Microsoft Office Tutorials and References
In Depth Information
Using Combination Charts
4. Press F9.
5. Press Enter, and the range references will be converted to arrays.
Repeat this procedure for each series in the chart. This technique (as opposed to
creating a picture) enables you to continue to edit the chart. Note that you can also
convert just a single argument to an array. Highlight the argument in the SERIES
formula and press F9.
Excel imposes a 1,024-character limit to the length of a SERIES formula, so
this technique will not work if a chart series contains a large number of
values or category labels.
Using Combination Charts
A combination chart is a chart that combines two or more different chart types —
for example, a column chart and a line chart.
Creating combination charts
Perhaps the most common way (but not the best way) to create a combination chart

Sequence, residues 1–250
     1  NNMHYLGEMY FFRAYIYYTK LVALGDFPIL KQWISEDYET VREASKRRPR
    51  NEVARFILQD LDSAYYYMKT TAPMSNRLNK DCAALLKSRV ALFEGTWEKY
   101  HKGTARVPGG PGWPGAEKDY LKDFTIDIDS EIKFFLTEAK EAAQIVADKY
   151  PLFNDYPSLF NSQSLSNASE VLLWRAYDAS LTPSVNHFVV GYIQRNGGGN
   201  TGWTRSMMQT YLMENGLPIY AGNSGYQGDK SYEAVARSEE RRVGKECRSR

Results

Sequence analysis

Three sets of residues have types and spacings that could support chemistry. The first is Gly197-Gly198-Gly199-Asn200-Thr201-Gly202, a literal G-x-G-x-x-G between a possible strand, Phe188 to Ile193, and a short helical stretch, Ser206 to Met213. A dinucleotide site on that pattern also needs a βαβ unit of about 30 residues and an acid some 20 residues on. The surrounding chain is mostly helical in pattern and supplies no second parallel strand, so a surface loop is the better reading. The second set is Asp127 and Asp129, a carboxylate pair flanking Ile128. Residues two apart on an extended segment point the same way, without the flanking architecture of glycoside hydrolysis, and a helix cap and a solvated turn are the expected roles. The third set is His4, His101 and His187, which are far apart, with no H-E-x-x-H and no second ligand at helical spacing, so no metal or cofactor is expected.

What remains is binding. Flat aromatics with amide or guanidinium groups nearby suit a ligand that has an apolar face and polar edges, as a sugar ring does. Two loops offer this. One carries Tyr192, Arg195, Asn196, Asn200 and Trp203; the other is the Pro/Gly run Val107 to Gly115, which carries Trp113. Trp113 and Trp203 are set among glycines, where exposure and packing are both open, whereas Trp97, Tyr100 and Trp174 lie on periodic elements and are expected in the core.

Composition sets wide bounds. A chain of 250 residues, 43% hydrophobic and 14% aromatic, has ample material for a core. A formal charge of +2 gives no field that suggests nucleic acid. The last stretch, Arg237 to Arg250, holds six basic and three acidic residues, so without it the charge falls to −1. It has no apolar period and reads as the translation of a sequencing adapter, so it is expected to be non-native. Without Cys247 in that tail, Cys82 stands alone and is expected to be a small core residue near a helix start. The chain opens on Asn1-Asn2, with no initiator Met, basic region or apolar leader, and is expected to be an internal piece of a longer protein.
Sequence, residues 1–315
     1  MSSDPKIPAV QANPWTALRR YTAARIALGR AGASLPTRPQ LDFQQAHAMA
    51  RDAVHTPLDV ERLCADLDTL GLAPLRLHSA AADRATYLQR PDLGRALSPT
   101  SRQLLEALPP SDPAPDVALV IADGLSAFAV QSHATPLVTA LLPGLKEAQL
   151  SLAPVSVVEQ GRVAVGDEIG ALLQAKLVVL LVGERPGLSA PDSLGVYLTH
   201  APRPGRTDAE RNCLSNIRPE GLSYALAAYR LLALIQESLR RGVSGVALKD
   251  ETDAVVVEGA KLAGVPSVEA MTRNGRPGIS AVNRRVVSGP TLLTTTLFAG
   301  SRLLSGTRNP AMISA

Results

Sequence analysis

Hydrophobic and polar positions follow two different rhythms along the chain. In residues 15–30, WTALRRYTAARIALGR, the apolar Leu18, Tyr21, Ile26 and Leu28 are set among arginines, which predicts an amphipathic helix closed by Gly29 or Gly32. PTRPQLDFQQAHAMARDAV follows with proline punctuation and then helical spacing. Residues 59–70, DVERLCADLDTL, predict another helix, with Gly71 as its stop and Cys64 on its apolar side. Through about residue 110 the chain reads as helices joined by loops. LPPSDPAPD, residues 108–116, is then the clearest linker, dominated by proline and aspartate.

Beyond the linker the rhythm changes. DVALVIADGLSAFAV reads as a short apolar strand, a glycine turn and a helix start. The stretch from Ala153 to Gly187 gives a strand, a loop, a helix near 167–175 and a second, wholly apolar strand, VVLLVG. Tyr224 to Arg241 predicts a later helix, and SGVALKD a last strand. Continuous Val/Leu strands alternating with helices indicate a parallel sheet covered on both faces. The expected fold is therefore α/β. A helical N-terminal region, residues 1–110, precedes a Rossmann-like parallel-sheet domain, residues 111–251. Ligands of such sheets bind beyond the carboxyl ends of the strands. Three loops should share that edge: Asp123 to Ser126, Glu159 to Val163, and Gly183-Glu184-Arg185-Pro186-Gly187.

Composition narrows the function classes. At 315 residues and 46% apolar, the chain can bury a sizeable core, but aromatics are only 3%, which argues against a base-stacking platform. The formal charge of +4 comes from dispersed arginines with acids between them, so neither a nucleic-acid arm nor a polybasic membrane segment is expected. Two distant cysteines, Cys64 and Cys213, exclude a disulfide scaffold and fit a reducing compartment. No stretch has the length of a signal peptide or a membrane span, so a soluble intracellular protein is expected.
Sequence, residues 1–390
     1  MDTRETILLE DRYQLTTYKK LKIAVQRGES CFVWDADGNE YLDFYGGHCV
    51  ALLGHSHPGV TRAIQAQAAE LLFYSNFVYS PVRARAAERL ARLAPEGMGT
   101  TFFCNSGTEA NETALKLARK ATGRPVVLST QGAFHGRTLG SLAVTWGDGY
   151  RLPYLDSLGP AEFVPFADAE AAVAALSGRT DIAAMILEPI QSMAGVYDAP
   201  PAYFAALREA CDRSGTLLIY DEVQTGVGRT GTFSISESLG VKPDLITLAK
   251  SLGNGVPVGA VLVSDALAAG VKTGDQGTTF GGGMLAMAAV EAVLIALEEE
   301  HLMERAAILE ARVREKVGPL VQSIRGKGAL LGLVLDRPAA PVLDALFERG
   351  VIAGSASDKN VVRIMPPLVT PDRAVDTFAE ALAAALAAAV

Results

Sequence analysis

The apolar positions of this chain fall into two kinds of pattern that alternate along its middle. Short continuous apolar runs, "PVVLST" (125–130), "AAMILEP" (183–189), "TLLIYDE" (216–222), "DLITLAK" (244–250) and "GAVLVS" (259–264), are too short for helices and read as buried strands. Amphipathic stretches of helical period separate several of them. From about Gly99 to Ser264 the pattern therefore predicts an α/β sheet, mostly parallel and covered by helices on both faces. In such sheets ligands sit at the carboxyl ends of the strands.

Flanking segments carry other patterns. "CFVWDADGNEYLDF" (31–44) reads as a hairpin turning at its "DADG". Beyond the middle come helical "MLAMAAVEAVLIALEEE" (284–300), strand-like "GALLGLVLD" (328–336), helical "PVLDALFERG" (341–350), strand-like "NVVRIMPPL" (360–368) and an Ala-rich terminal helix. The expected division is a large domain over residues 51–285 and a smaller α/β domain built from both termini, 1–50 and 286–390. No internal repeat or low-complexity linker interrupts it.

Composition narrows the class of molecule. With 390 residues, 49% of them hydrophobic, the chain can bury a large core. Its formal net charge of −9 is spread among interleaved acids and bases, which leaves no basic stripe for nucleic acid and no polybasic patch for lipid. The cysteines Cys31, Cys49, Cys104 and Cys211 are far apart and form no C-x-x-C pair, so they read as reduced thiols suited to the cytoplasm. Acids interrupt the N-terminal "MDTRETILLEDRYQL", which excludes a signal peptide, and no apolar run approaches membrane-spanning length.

is to use the Chart Wizard and select one of the custom chart types. Excel offers a
choice of only three combination charts:
Column – area
Line – column
Line – column on two axes
Many users don’t realize that Excel can create many other types of combination
charts. The trick is to create a standard chart first and then modify the chart type
setting for one or more of the series: Click the series, choose Chart
Chart Type, and
then select the chart type for that series. When you need to create a combination
chart, there is really no reason to start with one of Excel’s custom chart types —
unless it happens to be exactly what you’re looking for.
It’s important to understand that the ChartChart Type command works
differently, depending on what is selected when you issue the command. If a
chart series is selected, this command changes the chart type for that series
only . If any other chart element is selected, this command changes the chart
type for the entire chart .
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